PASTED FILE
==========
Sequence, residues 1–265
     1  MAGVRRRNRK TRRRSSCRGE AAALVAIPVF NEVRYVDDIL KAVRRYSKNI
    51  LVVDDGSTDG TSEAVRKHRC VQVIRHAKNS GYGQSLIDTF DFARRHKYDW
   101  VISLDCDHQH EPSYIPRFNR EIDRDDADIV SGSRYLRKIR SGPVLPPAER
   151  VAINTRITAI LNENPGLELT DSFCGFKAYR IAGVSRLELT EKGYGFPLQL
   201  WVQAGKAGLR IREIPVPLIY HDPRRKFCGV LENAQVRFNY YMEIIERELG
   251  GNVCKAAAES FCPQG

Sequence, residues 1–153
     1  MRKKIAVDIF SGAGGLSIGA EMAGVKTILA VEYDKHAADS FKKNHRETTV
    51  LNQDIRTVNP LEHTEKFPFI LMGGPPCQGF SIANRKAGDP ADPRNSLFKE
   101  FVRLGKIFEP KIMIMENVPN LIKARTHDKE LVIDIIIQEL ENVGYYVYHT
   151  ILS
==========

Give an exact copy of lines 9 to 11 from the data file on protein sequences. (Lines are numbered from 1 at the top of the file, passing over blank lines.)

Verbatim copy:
     1  MRKKIAVDIF SGAGGLSIGA EMAGVKTILA VEYDKHAADS FKKNHRETTV
    51  LNQDIRTVNP LEHTEKFPFI LMGGPPCQGF SIANRKAGDP ADPRNSLFKE
   101  FVRLGKIFEP KIMIMENVPN LIKARTHDKE LVIDIIIQEL ENVGYYVYHT